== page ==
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When we play, it often feels like we are reacting instinctively; our minds and body become seemingly hard wired to the moment and we allow ourselves to act without thinking.
We often do things without thinking about them or say things things without thinking about what we are saying, only to find ourselves reflecting on it afterwards. When deep in play, our minds are not full of conscious thought (that is so consuming post play), we simply play. This way of being often feels great. liberating, nostalgic even. So why, as adults, is this state of play so unusual. Why, when we grow older, do we not allow ourselves to become deeply immersed in the moment, and act free from judgement-without a care.
Playing when we are young is natural, and essential to our learning. Yet when we get older, it becomes refreshing and sometimes even scary. Over time, our conscious minds become concerned with more 'serious' aspects of life, like achieving a to do list or maintaining full control. We may find ourselves often belittling the act of play as something without purpose or value. "How does it help us pay the rent? We should be training/working instead!"..."How does it help us with our career?"..."What will other people thinking of me if I act like a child"...and so on.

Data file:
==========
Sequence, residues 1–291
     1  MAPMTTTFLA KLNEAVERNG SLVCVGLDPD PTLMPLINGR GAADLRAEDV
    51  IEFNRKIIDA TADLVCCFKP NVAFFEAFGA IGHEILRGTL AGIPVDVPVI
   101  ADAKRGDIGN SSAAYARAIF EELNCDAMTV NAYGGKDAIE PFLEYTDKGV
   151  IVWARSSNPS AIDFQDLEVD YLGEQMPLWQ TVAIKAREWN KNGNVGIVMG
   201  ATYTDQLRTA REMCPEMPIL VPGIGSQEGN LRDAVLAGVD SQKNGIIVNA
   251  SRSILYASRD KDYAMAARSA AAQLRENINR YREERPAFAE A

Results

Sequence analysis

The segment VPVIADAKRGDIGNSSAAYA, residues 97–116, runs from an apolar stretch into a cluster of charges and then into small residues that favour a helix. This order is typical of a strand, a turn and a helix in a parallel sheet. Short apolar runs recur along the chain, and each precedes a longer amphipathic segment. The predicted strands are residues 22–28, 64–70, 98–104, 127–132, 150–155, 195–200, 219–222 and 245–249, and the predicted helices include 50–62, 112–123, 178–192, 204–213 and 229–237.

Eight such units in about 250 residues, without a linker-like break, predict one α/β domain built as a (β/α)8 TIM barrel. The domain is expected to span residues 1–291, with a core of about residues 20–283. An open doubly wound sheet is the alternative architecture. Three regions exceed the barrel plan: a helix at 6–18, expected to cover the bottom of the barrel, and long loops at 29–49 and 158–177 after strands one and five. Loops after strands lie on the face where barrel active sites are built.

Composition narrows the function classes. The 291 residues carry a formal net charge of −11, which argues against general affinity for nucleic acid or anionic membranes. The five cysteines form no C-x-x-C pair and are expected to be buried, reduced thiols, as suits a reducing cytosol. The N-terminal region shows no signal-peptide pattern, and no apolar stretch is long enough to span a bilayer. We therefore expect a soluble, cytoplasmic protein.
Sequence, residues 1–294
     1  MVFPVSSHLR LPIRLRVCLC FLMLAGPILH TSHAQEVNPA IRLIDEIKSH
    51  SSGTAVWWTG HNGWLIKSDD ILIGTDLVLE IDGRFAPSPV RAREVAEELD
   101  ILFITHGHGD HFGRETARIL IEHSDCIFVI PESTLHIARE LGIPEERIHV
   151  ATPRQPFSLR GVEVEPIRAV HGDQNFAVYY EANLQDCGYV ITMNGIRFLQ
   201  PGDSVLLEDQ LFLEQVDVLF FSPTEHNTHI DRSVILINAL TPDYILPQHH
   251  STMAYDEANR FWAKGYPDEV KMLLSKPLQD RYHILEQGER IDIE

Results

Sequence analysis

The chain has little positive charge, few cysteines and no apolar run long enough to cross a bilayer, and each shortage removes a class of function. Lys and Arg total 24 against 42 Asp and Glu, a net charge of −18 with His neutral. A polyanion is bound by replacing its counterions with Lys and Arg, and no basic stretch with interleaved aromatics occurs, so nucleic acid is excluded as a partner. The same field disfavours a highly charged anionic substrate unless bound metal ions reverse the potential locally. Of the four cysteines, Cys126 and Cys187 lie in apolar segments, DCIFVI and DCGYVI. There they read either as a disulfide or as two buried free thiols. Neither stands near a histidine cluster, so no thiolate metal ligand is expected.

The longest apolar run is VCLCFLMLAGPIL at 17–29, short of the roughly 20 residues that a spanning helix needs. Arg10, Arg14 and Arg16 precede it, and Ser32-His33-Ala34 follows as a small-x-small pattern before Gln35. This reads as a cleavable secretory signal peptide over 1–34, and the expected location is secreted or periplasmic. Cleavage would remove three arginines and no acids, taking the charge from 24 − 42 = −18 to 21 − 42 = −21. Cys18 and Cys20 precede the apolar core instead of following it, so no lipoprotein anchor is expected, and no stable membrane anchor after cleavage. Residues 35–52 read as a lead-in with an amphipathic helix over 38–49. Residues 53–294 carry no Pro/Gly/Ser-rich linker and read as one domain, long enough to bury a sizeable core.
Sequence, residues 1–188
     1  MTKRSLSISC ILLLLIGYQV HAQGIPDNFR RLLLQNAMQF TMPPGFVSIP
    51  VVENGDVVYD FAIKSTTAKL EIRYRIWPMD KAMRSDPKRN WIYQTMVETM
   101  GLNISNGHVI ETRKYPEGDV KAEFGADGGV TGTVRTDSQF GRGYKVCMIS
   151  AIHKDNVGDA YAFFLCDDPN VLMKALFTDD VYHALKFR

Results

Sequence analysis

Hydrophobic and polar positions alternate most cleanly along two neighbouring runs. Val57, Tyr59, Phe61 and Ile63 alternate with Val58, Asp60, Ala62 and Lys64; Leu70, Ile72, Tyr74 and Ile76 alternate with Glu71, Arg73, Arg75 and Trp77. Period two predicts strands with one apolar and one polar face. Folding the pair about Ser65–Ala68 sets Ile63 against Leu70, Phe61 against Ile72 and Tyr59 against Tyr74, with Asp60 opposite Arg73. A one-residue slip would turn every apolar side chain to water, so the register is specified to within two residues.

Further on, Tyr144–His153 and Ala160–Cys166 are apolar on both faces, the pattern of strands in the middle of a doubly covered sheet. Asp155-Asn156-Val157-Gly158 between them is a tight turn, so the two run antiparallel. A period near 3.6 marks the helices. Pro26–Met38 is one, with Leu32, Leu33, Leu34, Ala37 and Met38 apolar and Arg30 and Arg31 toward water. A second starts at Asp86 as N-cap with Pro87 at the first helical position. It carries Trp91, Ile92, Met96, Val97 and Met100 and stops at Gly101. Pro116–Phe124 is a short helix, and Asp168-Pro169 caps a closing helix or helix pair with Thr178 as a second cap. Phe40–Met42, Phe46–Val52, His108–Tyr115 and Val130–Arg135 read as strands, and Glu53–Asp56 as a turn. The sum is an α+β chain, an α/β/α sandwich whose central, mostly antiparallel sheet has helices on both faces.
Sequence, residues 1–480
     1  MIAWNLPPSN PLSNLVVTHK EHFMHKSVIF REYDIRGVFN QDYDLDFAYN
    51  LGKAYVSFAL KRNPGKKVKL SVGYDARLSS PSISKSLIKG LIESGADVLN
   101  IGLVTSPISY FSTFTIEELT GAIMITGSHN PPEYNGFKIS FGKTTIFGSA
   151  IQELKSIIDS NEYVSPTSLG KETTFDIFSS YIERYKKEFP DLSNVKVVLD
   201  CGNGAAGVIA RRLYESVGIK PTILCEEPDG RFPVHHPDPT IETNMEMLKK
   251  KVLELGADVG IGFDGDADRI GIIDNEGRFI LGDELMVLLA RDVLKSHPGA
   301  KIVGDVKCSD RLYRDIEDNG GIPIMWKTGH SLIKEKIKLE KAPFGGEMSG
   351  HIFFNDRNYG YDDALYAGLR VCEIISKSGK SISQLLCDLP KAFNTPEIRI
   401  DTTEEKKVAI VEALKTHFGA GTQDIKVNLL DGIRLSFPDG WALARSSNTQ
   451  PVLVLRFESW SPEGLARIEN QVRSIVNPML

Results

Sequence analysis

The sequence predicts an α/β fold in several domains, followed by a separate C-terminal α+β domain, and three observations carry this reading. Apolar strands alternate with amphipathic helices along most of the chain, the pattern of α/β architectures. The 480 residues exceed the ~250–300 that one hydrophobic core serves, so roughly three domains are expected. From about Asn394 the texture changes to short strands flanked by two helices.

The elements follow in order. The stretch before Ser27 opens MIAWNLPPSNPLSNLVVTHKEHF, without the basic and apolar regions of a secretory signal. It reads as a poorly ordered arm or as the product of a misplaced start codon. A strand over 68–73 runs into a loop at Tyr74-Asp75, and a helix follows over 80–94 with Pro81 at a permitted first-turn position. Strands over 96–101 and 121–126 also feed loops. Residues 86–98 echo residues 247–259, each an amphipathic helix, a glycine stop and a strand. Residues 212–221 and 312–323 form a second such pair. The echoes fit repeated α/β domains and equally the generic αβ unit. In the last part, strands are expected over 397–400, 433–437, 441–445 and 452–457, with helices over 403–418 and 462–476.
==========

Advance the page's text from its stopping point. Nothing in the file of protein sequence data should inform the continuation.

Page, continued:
The older we get the more our pre-frontal context grows and naturally we become more consumed with seeing the world through this lens. Our cognitive explicit system takes the reins and we start filtering every moment through thought and some kind of analysis. This process becomes preferred way of operating through most styles of education and work. Indeed, we use our conscious lens to help us meet our internal desires, keep us safe, and become social acceptable. In this process of continual conscious processing, we develop and become more and more attached to a self-image or self-representation of ourselves that we project to others; often referred to as our ego or super ego. This projected self-image is generally built on the premise (collection of thoughts) of what we believe others want us to be. We start changing the clothes we wear to meet the projected self image we have made up, and even change our friends, our jobs and our hobbies to keep this self image intact.